During the period from 30 October 1944 until 13 November 1944 we went to Warsaw every day. Priests from the relevant churches and a few wagons would come with me. We evacuated the items covered by the permit. This took place under the escort of gendarmerie guards. On the first day, 30 October 1944, our guards were capturing Poles returning to their homes, hoping to save at least some of their property. The gendarmes executed people irrespective of their age and sex. On the following day, the guards would not let us go into the Old Town; only after a few days did we receive a permit to do this. They were acting brutally all the time. The conduct of SS auditors who were stealing items from our wagons was even worse. One of them rummaged through communicants, searching for gold. We were not allowed to take the priests’ personal underwear and clothing.

After the fall of the uprising, the churches were still standing. Later the following churches were blown up and destroyed by the Germans: church of the Holiest Savior (kościół Najświętszego Zbawiciela], church of St. Barbara [kościół św. Barbary], church of St. Charles Boromeo [kościół św. Karola Boromeusza]. Bishop Szlagowski told me that the Germans had destroyed the church of St. Barbara even though they had promised to spare it. When I was in Saint John Cathedral [katedra św. Jana], the Germans blew up the church twice, destroying the façade, what was left of the pillars, and one of the chapels. Also, they were stealing whatever they could, both from the cathedral and from the church of St Alexander [kościół św. Aleksandra], from which they took away suitcases of money and valuables.

The Germans turned the church of St Stanislaus [kościół św. Stanisława] on Bema Street into a stable, and church banners and copes into horse blankets. Inside the church of Saint Anne [kościół św. Anny] we found horses and cars, the pews were used as fuel. In the Powązki chapel, we found corpses scattered around.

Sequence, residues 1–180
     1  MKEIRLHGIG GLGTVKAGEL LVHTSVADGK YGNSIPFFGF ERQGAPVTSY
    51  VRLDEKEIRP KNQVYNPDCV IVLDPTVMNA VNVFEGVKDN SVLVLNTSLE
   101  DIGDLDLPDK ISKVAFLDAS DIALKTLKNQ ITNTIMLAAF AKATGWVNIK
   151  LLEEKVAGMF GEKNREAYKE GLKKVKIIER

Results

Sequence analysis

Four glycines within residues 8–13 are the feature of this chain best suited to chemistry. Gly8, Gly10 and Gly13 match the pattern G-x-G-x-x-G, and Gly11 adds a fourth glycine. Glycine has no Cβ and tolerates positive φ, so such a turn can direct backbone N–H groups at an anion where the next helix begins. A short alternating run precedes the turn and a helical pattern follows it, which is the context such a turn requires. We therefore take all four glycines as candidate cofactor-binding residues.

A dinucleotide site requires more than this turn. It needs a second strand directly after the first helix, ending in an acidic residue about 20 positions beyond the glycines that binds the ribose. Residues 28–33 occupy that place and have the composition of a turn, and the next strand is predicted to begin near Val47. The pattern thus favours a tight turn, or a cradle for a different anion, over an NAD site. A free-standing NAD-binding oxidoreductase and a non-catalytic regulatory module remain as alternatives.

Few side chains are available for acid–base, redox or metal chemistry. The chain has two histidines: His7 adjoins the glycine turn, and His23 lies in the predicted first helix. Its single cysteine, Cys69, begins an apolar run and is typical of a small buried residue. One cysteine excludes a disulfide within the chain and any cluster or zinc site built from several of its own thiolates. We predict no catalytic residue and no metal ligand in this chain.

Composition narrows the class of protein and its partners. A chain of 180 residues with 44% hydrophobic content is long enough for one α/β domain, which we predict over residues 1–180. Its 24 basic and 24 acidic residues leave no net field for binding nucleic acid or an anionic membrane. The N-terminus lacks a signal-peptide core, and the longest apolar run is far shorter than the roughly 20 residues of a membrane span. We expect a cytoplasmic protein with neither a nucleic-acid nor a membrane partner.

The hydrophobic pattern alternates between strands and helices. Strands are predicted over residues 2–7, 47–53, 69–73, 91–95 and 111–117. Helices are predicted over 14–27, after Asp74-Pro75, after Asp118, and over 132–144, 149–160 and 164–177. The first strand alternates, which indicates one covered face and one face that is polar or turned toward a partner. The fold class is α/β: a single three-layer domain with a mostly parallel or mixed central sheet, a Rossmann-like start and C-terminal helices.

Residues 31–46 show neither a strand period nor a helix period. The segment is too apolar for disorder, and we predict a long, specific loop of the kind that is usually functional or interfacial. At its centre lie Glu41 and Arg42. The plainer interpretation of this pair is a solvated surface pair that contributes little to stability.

During my daily trips to Warsaw, I saw that houses in Krucza Street, Marszałkowska Street, Wspólna Street and so on were initially still standing, but then were systematically burnt down. The same happened in Śniadeckich Street, Piusa Street, Wolska Street and so forth. During these thirteen days of going around Warsaw, I saw entire streets and even entire quarters on fire. The operation was carried out by the Räumungskommando, a special column of arsonists, composed of gendarmes and SS-men.

During the first half of October, Germans were brought from the Reich to rob Warsaw. I know this, since at that time I received a pass to transport coal from the gasworks to Włochy for the impoverished Polish population. I could then observe trains with Germans evacuating various items from Warsaw. A storage for pharmaceuticals was created in Włochy; these products were sent to Germany.

As the head of the district to whom the Räumungskommando, gendarmerie and SS-Polizei reported, Fischer is responsible for the destruction following the Warsaw Uprising.

I wish to add that the gendarmerie executed very many people who had passes and who, having come to Warsaw, wanted to salvage gold or leather products. I myself saw corpses lying in Wolska Street, in stacks of ten, with the sign “bandits” to scare others away.

As the head of the operation of providing aid to civilians evacuated from Warsaw in Włochy, I approached the head of the health department in the Warsaw district many times. He would say that it was the Poles who had started the brawl, so they had no right to expect any help. He also refused to lend medical assistance and he emphasized that in his worldview, the Red Cross did not exist.